Pakistan’s national cricket team—despite its loss to Australia in the Semi-Final—has out-performed everyone’s expectations in the T20 World Cup. This young team, with its unjaded captain, Babar Azam, conquered their own fears and the unspoken apprehensions attached with Pakistan’s cricketing history, to show the world that Pakistan is still a force to reckon with on the cricket field.

Pakistan has performed better in some of the past tournaments—even won the T20 World Cup in 2009. But this team, in this tournament, has represented something special: hope, in the face of international isolation and intrigue.

Just in the days leading up to the T20 World Cup, Pakistan was shunned by the English and New Zealand cricket boards. Prompted by a malicious Indian agenda, the New Zealand team pulled out of their tour, just minutes before the first ball was to be bowled.

At the heels of this unwarranted turn of events, England also called its tour of Pakistan. And just like that, the hope of international cricket returning to Pakistan was snuffed out by a fake email, generated from an Indian source. And Pakistan stood alone, and isolated, as a joke in the cricketing world.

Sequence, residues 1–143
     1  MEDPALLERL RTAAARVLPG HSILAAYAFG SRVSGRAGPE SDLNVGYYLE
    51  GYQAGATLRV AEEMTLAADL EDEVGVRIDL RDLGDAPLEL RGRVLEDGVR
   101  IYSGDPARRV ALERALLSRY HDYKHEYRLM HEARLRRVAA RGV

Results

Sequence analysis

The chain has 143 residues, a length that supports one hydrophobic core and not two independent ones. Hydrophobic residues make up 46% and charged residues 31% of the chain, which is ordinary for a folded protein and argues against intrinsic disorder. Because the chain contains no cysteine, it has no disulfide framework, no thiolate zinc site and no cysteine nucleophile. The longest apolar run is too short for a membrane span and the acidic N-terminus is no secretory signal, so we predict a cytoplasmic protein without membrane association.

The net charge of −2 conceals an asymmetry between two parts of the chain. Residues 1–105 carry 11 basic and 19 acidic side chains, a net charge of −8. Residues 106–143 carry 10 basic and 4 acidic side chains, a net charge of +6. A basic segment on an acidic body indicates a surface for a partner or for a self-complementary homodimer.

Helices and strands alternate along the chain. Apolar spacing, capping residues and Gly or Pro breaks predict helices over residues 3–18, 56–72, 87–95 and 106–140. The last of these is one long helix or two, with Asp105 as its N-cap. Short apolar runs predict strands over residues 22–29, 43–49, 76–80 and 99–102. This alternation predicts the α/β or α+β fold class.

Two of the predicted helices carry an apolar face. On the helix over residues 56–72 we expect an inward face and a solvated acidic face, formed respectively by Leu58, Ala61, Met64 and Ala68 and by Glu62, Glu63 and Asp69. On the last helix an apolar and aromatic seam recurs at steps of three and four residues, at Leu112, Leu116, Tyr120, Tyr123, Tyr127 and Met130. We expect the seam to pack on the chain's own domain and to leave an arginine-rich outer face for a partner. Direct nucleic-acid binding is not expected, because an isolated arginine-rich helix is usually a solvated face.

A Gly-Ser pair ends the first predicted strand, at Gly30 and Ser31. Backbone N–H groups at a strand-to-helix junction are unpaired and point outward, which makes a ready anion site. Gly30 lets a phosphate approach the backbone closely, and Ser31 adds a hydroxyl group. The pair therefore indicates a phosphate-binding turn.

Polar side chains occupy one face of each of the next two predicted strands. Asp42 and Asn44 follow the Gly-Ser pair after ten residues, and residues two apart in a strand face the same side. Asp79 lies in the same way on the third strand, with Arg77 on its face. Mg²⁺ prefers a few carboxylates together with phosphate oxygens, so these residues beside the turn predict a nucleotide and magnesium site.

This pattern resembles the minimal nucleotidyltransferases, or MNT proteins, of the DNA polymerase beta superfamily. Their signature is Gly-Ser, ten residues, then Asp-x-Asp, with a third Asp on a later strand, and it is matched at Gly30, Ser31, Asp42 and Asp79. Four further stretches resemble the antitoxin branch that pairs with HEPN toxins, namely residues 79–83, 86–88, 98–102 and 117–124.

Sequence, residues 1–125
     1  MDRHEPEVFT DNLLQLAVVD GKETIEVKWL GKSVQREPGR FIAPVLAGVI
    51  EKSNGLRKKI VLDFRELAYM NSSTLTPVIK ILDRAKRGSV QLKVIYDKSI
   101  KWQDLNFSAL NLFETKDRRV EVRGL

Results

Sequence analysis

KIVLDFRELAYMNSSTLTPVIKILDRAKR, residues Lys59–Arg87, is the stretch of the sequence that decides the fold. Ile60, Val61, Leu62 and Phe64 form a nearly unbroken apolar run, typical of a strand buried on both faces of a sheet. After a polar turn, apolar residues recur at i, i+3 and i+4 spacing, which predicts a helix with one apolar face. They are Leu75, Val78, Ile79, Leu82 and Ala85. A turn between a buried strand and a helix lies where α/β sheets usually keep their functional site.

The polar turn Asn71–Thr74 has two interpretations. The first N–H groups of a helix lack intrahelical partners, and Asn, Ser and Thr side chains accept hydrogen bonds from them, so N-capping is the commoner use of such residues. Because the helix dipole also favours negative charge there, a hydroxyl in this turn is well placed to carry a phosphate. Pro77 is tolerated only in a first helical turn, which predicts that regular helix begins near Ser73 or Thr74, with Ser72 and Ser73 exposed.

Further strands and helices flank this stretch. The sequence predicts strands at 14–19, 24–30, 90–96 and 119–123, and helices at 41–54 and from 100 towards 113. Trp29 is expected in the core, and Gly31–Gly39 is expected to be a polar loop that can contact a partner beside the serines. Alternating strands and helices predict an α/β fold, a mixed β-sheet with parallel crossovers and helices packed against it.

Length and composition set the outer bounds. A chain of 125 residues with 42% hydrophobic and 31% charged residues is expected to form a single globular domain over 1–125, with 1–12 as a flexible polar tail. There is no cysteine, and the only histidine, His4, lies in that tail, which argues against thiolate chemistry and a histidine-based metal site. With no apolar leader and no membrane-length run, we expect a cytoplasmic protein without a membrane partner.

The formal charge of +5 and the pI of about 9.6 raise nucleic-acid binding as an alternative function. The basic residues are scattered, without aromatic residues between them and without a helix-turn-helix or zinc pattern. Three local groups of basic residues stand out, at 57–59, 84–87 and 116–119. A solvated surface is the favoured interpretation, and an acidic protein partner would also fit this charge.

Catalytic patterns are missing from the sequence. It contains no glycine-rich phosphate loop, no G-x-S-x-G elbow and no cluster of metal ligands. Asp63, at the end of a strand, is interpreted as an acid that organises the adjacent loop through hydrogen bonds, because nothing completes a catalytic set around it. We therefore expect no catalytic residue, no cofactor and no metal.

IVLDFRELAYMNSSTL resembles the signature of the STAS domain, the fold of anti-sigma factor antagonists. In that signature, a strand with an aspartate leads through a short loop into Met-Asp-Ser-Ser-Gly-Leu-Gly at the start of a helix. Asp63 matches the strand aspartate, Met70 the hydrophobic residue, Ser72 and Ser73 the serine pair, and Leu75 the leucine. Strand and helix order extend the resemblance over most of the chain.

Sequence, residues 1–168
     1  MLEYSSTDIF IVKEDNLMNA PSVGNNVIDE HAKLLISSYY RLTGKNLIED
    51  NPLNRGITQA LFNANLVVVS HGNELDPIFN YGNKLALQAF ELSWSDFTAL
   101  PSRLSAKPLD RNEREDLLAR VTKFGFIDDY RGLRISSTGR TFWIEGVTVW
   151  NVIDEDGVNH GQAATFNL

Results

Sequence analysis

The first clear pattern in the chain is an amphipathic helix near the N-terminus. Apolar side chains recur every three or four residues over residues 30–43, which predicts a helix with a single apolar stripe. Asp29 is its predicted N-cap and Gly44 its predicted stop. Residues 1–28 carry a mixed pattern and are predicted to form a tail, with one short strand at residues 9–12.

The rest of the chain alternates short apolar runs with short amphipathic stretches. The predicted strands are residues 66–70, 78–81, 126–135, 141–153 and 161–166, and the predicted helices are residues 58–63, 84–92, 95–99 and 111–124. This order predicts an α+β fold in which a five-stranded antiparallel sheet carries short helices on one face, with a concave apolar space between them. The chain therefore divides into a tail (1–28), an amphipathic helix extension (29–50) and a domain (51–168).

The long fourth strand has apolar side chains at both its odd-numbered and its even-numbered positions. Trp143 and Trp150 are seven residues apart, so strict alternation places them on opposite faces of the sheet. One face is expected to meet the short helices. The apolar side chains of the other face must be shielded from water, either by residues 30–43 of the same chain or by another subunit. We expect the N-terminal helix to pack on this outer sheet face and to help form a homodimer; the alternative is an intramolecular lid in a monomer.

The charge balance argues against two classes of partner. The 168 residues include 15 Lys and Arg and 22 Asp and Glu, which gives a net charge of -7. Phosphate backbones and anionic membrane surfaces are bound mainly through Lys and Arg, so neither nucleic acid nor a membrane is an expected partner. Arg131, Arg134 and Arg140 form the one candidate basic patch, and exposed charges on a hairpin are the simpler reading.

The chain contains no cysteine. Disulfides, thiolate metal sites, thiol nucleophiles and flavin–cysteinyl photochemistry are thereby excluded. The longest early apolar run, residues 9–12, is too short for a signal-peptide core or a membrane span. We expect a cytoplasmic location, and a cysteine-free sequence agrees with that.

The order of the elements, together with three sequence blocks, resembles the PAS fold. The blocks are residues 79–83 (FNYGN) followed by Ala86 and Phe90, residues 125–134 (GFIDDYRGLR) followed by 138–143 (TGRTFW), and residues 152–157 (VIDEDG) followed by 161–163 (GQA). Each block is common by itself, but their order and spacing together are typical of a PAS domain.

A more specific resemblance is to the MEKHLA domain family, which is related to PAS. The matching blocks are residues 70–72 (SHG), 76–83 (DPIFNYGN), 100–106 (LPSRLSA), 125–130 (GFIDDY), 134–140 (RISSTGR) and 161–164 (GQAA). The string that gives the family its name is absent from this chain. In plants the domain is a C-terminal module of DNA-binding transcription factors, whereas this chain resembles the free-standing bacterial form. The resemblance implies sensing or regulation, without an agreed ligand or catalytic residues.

This sad turn of events did not happen overnight. Over the past two decades, a proud Pakistani cricket history (spanning a legacy of legends) has been viewed through the lens of a religiously militant culture.

What was at first just an ideological threat (enough to dissuade teams like Australia from visiting Pakistan), became a tangible nightmare one Tuesday morning in 2009, during Sri Lanka’s tour of Pakistan. And in its shadow, an entire generation of young cricket fanatics have been deprived of the exhilaration of sitting in Fazal Mahmood Enclosure.

In the years that followed, a virtual cricketing apartheid was imposed against this beautiful sport being played on our soil. And the Pakistan Cricket Board (PCB), the government, and the nation had no coherent response to the international boycott; except, of course, to play our home-series in UAE.

During this time, Pakistan’s arch-rival, India, saw an unprecedented growth in its cricketing influence, as well as financial influx, propelling it into the league of self-proclaimed ‘Big Three’ (which title has nothing to do with cricket performance, and only with the amount of money/influence that the respective cricket board has). And finally, the triumph of IPL (where Pakistani players are not invited to play) eclipsed the cricketing culture of a bygone era.

In this paradigm, Pakistan had trouble clawing its way out of isolationist darkness, and into the light of international cricket. The visit of Zimbabwe, in 2020, was a tremendous landmark in this regard, but not enough to trigger the re-entry of international cricket in Pakistan.

India, as part of its overall geopolitical rivalry with Pakistan, took advantage of the situation, and orchestrated the banishment of cricket from Pakistani soil, and positioned itself as the prime venue for cricket in South Asia.